I’m Terry McGlynn, Professor of Biology at Cal State Dominguez Hills, and Research Associate at the Natural History Museum of Los Angeles County. I’m a tropical biologist, and research in my lab emphasizes experimental natural history of ants. When a mystery of nature grows to be too enticing, we pursue the answers. Some of these questions are: Why do so many species of ants move their nests around? How is it that some ant colonies allow thieves to steal food from them without putting up a fight? How is it that slight changes in light, or in trampling of the ground, can cause huge changes in ant biodiversity? How do strobe ants strobe, and why do they bother?
I live in Pasadena, California, in the foothills below the San Gabriel National Monument. My spouse works for NASA’s Jet Propulsion Laboratory, working to bring science to the public through museums and other informal education routes. She’s smart, hilarious, insightful and supportive. Her job has more responsibility as my own, with a little less flexibility, and it matches my job in terms of its joys and challenges. Our kid attends a Blair Middle School, one of many superb options in Pasadena Unified School District. Being his dad is great in uncountable ways, and also a challenge to me lead by example.
At CSU Dominguez Hills, we have a few thousand students, nearly all of whom are commuters, and many of whom are taking classes part-time. We’re officially a Minority-Serving and Hispanic-Serving Institution. Many, and perhaps most, of my students are the first in their families to go to college. In the research community, our university is definitely a Small Pond. We have a base teaching load of four full lecture courses per semester. This could also be two lectures and three lab sections, or perhaps six lab sections. Many of us creatively find ways to reassign our time to other activities.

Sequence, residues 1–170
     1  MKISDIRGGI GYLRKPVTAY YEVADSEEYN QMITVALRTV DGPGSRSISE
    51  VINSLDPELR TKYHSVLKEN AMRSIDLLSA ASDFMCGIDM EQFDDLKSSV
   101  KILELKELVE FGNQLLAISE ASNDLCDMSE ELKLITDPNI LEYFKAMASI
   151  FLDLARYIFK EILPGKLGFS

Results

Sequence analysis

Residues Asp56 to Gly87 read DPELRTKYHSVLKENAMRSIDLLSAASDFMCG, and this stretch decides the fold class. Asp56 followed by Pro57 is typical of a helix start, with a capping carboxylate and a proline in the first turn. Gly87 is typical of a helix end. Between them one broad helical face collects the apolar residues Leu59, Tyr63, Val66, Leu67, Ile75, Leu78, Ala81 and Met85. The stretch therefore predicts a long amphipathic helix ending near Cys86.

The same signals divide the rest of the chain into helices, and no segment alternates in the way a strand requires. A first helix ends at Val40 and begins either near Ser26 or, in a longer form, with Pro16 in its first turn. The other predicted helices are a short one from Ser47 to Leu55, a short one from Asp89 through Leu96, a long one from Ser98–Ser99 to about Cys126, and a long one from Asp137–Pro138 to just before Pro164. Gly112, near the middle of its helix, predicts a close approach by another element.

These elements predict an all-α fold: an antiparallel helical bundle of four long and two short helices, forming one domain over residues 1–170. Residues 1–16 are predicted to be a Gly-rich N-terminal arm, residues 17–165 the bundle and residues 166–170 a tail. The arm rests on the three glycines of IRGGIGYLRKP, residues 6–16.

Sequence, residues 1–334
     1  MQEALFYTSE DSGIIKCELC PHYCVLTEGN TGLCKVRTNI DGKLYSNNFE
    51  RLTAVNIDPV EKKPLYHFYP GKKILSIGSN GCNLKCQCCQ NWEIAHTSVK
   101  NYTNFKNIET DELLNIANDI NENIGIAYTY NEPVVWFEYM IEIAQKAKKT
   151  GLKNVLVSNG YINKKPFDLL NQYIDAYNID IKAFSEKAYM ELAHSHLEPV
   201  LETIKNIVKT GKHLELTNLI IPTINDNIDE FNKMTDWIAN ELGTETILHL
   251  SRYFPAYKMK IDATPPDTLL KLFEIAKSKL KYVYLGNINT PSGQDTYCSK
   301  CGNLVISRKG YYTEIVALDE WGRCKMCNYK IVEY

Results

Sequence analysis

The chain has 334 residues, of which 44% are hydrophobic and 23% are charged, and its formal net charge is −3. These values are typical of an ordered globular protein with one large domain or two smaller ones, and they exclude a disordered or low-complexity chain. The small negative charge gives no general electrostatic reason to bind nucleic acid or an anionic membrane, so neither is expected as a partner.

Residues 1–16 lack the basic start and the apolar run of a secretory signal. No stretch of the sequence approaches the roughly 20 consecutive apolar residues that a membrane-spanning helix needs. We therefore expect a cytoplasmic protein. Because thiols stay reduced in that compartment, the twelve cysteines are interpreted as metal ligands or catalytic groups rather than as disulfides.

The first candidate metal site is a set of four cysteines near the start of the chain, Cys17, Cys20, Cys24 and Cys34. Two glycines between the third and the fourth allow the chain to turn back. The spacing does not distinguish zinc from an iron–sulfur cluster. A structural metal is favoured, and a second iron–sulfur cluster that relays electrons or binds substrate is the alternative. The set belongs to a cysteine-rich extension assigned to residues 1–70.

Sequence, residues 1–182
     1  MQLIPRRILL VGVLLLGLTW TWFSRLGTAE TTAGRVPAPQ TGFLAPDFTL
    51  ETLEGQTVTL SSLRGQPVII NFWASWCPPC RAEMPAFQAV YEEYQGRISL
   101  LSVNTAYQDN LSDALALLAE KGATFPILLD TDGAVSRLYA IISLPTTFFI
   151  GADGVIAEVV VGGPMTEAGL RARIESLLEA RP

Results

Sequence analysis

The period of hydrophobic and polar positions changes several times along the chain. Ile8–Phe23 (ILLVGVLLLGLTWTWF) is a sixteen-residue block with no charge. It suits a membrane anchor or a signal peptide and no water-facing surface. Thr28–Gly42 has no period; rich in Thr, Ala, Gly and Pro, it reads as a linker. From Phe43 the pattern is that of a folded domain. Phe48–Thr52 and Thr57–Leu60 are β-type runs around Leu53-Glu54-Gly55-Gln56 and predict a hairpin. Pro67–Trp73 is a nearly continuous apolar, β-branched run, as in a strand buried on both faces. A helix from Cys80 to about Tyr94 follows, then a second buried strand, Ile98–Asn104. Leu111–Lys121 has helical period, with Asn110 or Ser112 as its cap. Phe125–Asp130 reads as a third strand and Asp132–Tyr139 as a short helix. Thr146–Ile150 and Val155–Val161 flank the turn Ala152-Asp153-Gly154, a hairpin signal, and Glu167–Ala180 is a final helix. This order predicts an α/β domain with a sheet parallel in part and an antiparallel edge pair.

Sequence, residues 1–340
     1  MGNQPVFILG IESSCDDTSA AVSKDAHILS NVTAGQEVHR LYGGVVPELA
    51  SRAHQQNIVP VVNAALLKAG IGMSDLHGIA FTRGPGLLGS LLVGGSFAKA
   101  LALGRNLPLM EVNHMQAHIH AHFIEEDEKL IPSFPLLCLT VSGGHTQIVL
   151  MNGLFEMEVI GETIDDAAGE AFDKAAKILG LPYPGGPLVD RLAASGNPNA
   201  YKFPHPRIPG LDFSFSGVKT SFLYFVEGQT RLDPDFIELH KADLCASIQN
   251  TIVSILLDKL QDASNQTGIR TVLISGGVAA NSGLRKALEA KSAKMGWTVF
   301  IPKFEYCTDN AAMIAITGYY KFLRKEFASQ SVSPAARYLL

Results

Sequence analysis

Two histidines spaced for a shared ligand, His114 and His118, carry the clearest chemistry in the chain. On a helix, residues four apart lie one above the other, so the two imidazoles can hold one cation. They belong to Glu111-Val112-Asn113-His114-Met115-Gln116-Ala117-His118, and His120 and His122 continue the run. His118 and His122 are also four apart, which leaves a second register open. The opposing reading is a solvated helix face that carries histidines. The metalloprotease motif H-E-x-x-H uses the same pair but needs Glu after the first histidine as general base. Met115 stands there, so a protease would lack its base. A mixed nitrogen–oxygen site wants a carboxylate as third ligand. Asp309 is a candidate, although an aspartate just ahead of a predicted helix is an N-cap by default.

If I’m an evangelist about anything, it’s pressure cooking. Seriously, have you used a pressure cooker? They’re awesome once you learn how, I use it several times per week for rice, beans, risotto, veggies that take a while to cook, all kinds of soups. I could go on and on. If you want pressure cooking tips, drop me a line at email@example.com.
When I have the opportunity to do something not related to work, I sometimes work. After all, ants are mighty cool. I also want to get outdoors as much as possible, travel to places I haven’t been and places I really like, and read what has been called literary fiction. My lab website is leaflitter.org. (If you like the design of the site, you should hire Neil McCoy.) If you really want to know more about me, you could listen to this episode of People Behind the Science.
Most academics have walked along wandering and frequently bifurcating paths. I’d like to think that my particular route has helped me get some insights into how different kinds of universities work.
I was an undergrad at Occidental College, a liberal arts school. After a year of not wandering, I did my PhD work at the University of Colorado in the department formerly known as Environmental, Population and Organismic Biology. I did a brief postdoc at the University of Houston, before taking a visiting position at another liberal arts school, Gettysburg College. I then taught for seven years at the University of San Diego, a private Catholic school with a budget that depends almost entirely on tuition. I’ve been at Dominguez Hills since 2007. Since 1995, I’ve consistently been working out of La Selva Biological Station in Costa Rica, cumulatively spending a few years there. So, I’ve seen big and small, wealthy and not, urban and rural, diverse and homogeneous.
I work extensively with preparing K-12 science teachers and working with current teachers, in the Los Angeles Unified School District. This work is a source of extraordinary joy and extreme frustration. You can’t work with public education in the US and not be frustrated for the lack of resources, freedom and foresight.